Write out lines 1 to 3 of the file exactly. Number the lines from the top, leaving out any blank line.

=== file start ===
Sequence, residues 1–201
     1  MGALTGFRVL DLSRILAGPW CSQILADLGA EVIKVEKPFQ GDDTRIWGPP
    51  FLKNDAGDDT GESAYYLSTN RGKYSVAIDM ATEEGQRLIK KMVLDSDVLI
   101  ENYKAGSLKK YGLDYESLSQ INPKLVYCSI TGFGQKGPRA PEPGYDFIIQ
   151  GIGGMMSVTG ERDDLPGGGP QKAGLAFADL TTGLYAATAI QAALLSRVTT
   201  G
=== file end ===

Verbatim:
Sequence, residues 1–201
     1  MGALTGFRVL DLSRILAGPW CSQILADLGA EVIKVEKPFQ GDDTRIWGPP
    51  FLKNDAGDDT GESAYYLSTN RGKYSVAIDM ATEEGQRLIK KMVLDSDVLI